Julius Ceasar: Overview


Shakespeare's Julius Caesar is the story of the resulting
conflicts from the assassination of perpetual dictator and Roman
emperor, Julius Caesar. A great friend of Caesar, Mark Antony,
comes to the senate to see the dead body of their dictator. He
pretends to not be angry at those who took part in the
assassination, and asks to speak at his funeral, a request which
he is granted. However, after the men leave, he begins a soliloquy
in which he suggests that Caesar's spirit will take revenge upon
his murderers and invoke a war involving the entire country.
Antony begins the revenge of his death by speaking at the funeral
about the wrong done to Caesar, the man's generosity to the
people, and how Brutus tried to persuade them to believe his
justification of the murder. The crowd turns to agreement with
Antony and then accuse the conspirators of murder. The accused
men flee, eventually leaving the bounds of the city, and the
citizens leave to loot and burn the houses of the guilty men.
The armies of Brutus and Cassius set up camps near another city
and knowing that Antony's soldiers are coming, they decide to
march toward the enemy at once. The fighting begins with the
confrontation of the two sides, as Cassius' and Brutus' armies
arrive. Antony and his partner challenge the assassins to fight,
and the bloody battle begins. The armies of the conspirators fall
into vulnerability many times, and their side does poorly, losing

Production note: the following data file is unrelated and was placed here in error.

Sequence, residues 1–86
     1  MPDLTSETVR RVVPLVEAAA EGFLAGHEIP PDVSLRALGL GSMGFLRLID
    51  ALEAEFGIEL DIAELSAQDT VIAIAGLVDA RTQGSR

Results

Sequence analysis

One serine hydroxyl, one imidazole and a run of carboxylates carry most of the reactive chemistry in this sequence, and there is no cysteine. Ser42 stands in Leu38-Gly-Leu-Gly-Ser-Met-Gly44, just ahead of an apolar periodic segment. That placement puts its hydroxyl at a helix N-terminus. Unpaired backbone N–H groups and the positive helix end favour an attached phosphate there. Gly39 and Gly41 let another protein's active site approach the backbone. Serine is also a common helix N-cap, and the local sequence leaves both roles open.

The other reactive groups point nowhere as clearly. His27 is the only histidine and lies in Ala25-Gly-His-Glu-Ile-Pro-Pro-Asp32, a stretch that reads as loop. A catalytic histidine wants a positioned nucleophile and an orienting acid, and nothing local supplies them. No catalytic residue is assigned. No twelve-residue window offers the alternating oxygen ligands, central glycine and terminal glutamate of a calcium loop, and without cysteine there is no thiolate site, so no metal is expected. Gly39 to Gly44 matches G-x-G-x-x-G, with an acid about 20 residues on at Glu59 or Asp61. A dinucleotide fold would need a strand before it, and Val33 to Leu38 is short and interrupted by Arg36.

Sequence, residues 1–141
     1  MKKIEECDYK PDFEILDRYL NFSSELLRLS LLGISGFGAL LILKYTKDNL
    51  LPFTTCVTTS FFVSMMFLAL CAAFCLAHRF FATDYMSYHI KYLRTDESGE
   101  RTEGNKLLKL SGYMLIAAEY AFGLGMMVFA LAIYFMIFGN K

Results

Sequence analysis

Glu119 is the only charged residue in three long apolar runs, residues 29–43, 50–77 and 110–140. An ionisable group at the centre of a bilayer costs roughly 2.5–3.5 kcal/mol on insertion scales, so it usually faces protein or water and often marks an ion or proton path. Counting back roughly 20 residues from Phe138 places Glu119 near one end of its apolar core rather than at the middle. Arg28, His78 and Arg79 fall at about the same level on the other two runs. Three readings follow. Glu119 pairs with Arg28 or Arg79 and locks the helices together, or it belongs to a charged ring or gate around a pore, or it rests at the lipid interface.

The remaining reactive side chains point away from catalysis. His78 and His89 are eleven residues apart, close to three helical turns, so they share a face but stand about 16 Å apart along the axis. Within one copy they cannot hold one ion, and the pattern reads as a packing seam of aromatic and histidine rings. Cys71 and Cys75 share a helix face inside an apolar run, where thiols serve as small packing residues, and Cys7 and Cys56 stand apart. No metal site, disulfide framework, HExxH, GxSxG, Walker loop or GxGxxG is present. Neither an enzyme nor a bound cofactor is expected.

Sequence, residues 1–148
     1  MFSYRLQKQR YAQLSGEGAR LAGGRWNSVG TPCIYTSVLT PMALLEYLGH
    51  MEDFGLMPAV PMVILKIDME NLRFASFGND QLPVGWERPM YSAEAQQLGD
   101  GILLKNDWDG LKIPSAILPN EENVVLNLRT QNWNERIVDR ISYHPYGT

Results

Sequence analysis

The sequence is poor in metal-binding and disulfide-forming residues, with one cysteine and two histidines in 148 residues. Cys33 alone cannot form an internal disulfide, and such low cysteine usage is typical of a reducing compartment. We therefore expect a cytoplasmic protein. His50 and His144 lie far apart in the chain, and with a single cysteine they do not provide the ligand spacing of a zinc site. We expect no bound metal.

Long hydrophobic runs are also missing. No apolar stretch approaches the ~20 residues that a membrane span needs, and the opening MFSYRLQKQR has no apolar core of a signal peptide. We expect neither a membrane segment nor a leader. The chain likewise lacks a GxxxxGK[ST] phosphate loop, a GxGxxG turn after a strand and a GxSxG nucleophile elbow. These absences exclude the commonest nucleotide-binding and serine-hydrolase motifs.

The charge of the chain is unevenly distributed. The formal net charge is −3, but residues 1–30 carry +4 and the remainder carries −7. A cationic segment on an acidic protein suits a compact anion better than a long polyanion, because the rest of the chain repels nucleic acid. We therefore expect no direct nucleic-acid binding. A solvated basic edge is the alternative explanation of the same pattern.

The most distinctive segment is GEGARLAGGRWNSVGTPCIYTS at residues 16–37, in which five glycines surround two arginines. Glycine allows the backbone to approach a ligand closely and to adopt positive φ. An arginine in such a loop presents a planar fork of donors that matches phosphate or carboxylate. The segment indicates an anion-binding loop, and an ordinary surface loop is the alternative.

many men. Cassius hears mistakenly that one of his important
soldiers has been captured, loses hope, and commits suicide, while
Brutus feels that his army has been cornered, and throws himself
onto another man's sword, killing himself also. They call off the
rest of the battle, for Antony's army now had victory over Brutus
and Cassius, Caesar's murder had been avenged, and order had been


There are a couple of main characters in this story. Caesar is
well liked by the citizens of Rome, yet is a somewhat arrogant man
and believes himself to be above everybody else. He is given
praise often and honored by events such as a holiday in his name.
However, several men do not agree that Caesar should have such a
high title, as they despise his character. These six men conspire
to kill the emperor to end what they see as his tyranny and
oppression in Rome.

A man named Cassius organizes the event, while a powerful figure,
Brutus, persuades Caesar to come to the senate, where he is to be
killed. While the emperor argues with one of the conspirators, a
man named Casca stabs him in the back, and the other men follow
and wound him with their swords until he falls to the ground,


In this play, Shakespeare gave morals to the audience about right
and wrong and acting upon one's opinion. He showed that one
should not bring death to someone else based on their personal
desires, or whether they believe it is in the best interest of
their society, for they are only one person out of the many who
have a voice. He also implies that if one commits an act of wrong,
justified, or not, they can expect to be punished for it by the
others who were hurt by those actions.